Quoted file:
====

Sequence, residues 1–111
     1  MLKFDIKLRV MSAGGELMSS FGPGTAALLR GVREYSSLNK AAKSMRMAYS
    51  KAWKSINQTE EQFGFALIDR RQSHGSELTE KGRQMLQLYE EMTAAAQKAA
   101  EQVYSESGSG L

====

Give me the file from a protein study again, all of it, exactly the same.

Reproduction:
Sequence, residues 1–111
     1  MLKFDIKLRV MSAGGELMSS FGPGTAALLR GVREYSSLNK AAKSMRMAYS
    51  KAWKSINQTE EQFGFALIDR RQSHGSELTE KGRQMLQLYE EMTAAAQKAA
   101  EQVYSESGSG L